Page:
Split Custody

This is a rare form of custody where each parent takes custody of different children if they have more than one child. 

How Does the Court Determine Child Custody?

California courts usually honor the custody arrangement agreed by parents before the divorce. However, if divorcing parents can’t reach an agreement, procedures exist to resolve custody conflicts. The procedures include:

Temporary Hearings

This hearing occurs after the initial divorce papers are filed in court. If the parents have been unable to reach a custody agreement, the court will issue an order deciding the custody arrangement that will be in effect until the conclusion of the divorce case.

Mediation

The court may require the parties involved in a contested divorce to work with a neutral third party to resolve their custody disputes.

Custody Evaluations

If the parties can’t resolve their custody disputes through mediation, the court may order a custody evaluation made by an outside expert before trial. The expert opinion will be considered when the court awards custody.

Custody Trials

In custody trials, the court will decide how to award custody based on several factors such as the child’s age, the physical and mental health of each parent, and the child’s wishes.

What Do Courts Consider Before Deciding Custody Cases? 

California courts consider the child’s best interests before giving sole legal and/or physical custody to one parent. Most judges believe that it’s in the child’s best interest to spend time with both parents, hence awarding joint custody. 

If the child is aged 14 years and above, the court may consider the child’s personal preference before awarding custody.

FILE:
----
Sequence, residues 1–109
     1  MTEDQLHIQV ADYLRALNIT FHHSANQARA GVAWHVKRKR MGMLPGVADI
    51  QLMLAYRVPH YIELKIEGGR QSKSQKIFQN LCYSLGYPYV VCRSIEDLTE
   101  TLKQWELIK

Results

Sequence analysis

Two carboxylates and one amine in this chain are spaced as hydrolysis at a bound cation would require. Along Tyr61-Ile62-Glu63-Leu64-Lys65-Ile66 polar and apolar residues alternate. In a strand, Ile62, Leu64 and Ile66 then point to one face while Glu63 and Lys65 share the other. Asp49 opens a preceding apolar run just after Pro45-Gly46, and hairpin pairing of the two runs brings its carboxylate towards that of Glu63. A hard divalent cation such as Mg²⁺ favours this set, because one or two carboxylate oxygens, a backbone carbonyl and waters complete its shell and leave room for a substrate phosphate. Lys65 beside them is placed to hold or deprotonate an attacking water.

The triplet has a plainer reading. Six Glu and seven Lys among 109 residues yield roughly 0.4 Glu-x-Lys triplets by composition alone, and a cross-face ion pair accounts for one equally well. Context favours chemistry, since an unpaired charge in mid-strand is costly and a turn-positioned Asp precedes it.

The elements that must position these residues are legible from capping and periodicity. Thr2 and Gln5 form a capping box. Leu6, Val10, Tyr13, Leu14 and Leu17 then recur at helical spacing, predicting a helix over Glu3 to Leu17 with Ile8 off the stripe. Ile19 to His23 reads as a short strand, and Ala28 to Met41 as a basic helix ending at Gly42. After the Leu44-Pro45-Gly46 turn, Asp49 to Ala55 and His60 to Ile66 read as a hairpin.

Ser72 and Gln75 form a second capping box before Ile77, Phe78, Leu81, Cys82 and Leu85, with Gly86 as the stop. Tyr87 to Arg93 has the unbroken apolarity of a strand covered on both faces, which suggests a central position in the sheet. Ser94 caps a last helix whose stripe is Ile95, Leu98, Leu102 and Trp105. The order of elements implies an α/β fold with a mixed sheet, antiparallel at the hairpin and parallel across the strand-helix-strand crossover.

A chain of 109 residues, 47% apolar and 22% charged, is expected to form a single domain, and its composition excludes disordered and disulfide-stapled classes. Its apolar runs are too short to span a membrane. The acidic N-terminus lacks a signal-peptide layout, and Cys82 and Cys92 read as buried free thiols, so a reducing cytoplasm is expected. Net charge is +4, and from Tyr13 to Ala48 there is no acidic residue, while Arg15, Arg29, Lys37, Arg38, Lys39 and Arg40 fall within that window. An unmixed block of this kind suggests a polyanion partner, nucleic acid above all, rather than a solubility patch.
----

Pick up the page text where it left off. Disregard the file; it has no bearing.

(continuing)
Most California courts tend to stick to the status quo when awarding custody unless otherwise proven. For instance, if one parent spends 90% of their time with the child, the court can award physical custody to that parent. However, this excludes parents deployed in the military or those involved in a temporary situation keeping them away from their child. 

When deciding custody in California, the court may consider:

  • the safety and welfare of the child;
  • the amount of contact the child has with both parents;
  • any other factor deemed relevant by the court.

In some cases, the court may give one parent full custody of the child. The court may award one parent full custody if the other parent has:

  • committed domestic violence;
  • abused the child physically or emotionally;
  • a substance abuse problem;
  • never cared for the child.

There are several other reasons why the court may award full custody to one parent. However, factors such as gender, race, religion, sexual orientation, or financial standing of the co-parent aren’t considered.

Speak with an Experienced Marin County Child Custody Lawyer Today 

If you are contemplating filing for divorce, or are in the process of getting divorced, and need help assessing your rights pertaining to child custody, Castro Law Offices is ready and able to help. We are a premier law firm specializing divorce, child custody, and all other issues concerning California family law. Castro Law Offices is based in Novato, California, but is ready and able to provide legal services and advice to clients in and around Marin County including Novato, San Rafael, Greenbrae, San Anselmo, Fairfax, Sausalito, Larkspur, West Marin, Ross, Mill Valley and Corte Madera. Contact Castro Law Offices today to schedule a confidential consultation.